On Thursday February 2 the IRS put out a press release warning schools, hospitals, restaurants, tribal groups and "others" to be on the lookout for sophisticated W-2 phishing scam that has netted crooks millions of dollars and cost employees, in some instances, their jobs. This diverse list of potential targets and "others" is of note because the W-2 phishing scam is growing in reach and effectiveness, hoovering up a larger and more diverse group of victims. Discovered in 2016, the W-2 scam is particularly dangerous because it is a blended attack that targets employees with authority to do two things: release employees’ W-2 tax information in bulk and/or conduct wire transfers on behalf of their employers. Wire transfer scams are called business email compromise (BEC) scams and are carried out using similar means to the W-2 hacks.
Part II – Identity
As the business world continues to embrace cloud and mobile technologies, and any semblance of a secure network perimeter is being obliterated, it is imperative for cyber security pros to focus their efforts on the technologies and techniques that will have the greatest impact in the shortest amount of time for the greatest number of users. This is why focusing on identity management is increasingly seen as a sound cyber security practice. In a perimeter-less world, if you can know what people are doing on the network and can limit that activity and their access based on roles or other privileges, you will be far more able to thwart a cyberattack before it gets out of hand or even gets started. According to one highly placed security industry CTO, "If you could achieve that guarantee at all times, your problems would more-or-less be solved. And identity is foundational in that regard."
Part I – Visibility
As has been made abundantly clear by the 2016 presidential election, hacking has entered new territory. This land grab shouldn't come as a surprise to anyone responsible for cyber security but, if it does, what they need to realize is cyber security today is about a lot more than protecting a few credit card numbers. Thankfully, the seriousness of countering these bad actors is finally getting the Board Room notice it deserves. So now that a beachhead in the battle for basic awareness is finally being established, the focus can shift to mounting an effective counter-offensive? We use this term deliberately. Up until the past few years, most cyber security measures have been defensive in nature: firewalls, IDS/IPS, anti-virus, monitoring, alterting, etc. According to analyst Zeus Kerravala writing NetworkWorld, the average company deploys security products from 32 different vendors.
In the good old days when shadow IT was just a piece of hardware or a few lines of borrowed code, CIOs
could expect their networks and infrastructures to be reasonably well-protected from all but the most determined foes.
Ever since Amazon jump-started the industry in 2006, companies have been moving workloads to the cloud in droves. And for good reason: cloud frees up tech resources for more business-facing activities, shifts spending from big dollar CapEx to more predictable OpEx, relieves the business of the burden of purchasing, provisioning, and maintaining costly infrastructure and software licenses … and on down the line.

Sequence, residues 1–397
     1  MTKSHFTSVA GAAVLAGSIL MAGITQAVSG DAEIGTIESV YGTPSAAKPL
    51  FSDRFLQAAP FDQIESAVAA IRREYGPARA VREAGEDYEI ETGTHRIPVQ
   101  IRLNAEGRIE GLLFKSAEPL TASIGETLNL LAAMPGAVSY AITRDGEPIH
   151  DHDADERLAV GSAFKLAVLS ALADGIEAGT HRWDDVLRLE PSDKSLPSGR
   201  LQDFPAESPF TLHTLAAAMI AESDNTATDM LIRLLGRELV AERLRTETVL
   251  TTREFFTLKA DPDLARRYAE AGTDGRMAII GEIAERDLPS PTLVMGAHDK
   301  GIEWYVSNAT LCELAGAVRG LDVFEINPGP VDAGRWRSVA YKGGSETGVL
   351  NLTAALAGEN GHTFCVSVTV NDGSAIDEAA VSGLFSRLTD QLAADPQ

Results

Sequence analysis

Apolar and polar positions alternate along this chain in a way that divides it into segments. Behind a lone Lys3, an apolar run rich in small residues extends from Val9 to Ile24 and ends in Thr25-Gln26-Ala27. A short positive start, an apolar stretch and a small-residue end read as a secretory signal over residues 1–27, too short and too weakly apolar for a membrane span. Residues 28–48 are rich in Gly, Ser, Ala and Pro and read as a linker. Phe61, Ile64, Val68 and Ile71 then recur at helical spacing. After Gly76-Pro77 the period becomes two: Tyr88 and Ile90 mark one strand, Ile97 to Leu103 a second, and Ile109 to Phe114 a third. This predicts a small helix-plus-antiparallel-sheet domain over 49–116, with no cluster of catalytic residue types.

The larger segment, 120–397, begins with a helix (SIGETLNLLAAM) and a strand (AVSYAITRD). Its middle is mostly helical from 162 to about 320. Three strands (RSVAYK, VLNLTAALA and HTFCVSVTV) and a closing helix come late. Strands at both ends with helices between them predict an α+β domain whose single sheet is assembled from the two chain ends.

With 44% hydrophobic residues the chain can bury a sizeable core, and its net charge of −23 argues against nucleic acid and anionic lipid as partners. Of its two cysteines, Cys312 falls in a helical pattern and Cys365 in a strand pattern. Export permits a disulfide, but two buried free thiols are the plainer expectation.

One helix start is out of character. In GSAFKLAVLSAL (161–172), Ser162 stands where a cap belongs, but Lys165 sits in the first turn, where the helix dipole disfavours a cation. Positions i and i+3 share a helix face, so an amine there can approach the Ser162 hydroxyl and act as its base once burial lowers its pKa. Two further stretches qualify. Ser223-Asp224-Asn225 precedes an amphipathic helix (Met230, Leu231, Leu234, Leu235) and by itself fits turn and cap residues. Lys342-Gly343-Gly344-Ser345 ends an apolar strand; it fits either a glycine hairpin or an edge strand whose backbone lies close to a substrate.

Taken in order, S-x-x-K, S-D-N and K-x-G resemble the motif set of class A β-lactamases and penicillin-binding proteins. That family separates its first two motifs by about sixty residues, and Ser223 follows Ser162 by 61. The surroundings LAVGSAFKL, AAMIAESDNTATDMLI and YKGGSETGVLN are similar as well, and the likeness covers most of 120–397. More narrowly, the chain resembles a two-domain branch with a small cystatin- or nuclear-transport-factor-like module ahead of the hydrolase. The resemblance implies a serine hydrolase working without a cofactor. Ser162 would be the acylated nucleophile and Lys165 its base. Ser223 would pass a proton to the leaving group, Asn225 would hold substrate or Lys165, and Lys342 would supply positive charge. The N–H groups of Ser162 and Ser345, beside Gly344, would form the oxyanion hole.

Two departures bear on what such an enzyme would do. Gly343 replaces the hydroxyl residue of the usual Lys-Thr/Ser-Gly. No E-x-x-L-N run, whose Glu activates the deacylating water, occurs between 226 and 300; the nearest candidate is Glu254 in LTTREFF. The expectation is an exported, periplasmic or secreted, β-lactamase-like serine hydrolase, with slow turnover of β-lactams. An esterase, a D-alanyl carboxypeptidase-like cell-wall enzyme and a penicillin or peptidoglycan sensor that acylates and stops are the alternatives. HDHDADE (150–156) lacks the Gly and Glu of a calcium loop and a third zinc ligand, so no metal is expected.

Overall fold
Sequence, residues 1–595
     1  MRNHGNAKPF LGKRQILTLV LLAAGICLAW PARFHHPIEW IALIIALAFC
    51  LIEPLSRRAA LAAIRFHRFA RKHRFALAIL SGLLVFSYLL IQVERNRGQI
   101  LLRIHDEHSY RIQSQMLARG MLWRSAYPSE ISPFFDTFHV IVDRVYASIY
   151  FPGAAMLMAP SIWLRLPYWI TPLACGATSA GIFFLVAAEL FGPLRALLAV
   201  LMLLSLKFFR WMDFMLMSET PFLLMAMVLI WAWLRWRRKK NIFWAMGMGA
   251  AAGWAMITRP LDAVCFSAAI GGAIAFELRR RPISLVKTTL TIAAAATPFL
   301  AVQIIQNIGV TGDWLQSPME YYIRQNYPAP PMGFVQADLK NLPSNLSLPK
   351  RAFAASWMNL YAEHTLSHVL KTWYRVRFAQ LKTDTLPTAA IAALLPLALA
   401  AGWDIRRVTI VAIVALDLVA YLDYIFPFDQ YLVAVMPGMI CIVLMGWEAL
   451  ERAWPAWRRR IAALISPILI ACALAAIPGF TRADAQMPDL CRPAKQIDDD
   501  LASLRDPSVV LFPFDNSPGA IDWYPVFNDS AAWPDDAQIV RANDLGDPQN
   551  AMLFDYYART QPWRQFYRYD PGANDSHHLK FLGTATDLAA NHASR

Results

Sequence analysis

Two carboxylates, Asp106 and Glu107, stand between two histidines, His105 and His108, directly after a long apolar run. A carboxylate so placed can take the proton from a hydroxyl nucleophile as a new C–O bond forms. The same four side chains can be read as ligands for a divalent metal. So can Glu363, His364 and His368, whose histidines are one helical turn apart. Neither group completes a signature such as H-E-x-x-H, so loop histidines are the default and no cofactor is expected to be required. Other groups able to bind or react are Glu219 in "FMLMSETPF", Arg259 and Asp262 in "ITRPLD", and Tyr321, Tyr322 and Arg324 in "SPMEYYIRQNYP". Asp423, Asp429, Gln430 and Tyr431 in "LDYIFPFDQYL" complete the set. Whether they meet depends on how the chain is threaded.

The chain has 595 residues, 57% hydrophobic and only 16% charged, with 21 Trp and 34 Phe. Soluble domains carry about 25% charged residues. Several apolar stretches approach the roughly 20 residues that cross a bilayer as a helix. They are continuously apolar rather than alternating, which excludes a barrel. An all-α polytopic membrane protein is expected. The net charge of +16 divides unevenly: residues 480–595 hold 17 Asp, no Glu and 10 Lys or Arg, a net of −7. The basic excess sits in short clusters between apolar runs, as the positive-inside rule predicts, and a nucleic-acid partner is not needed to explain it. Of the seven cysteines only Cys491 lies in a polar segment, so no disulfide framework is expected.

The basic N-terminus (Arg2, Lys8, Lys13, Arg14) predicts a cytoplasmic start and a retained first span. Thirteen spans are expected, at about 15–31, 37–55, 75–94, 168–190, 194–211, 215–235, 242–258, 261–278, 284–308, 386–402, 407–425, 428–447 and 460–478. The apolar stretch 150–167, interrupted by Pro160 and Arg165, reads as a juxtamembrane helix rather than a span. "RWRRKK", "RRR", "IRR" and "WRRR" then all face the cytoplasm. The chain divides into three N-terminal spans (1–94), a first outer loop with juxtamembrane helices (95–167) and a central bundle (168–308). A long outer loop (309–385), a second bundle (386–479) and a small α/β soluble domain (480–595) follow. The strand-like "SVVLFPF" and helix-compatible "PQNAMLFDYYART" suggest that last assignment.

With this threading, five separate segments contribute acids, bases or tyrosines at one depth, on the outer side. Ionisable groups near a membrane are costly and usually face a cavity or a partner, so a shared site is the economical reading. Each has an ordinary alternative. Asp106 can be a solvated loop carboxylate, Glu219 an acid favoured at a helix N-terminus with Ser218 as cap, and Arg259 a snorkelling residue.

It was not too long ago that e-mail scams were laughably easy to spot: the Nigerian prince scam, for example. These early attempts at getting victims to part with their money were transparent and amateuristic. Today, however, these thieves have learned a thing or two and are now using simultaneous attacks to fool busy executives into becoming unwitting accomplices.
Historically, cybersecurity has been about higher walls and wider moats but this strategy no longer works. There is no better evidence than the constant barrage of massive data breaches and other cyberattacks like ransomware exploits, making headlines month after month. And that doesn't even touch the data breaches that go unreported or that involve intellectual property (IP).
In the early days of the Internet, hackers hacked for fun and to show off how smart they were. Remember the movie War Games? A lot has changed since a young Matthew Broderick was asked "Would you like to play a game?" by a DOD computer, almost setting off World War III.
Cybercrime is no longer an IT problem, it's a business imperative and CEOs and boards of directors are finally starting to take notice. "Increasing threats to corporate information systems, critical infrastructures, and intellectual property—as well as compliance risks, liability concerns, and the potential for reputational damage or lost business—continue to make cybersecurity a top priority in the boardroom and the C-suite," says the National Association of Corporate Directors.
When the internet of things (IoT) arrives in force it will be two things: a boon for scientists, analysts, and anyone else interested in making things run better, faster, cheaper and, potentially, a security nightmare for everyone else.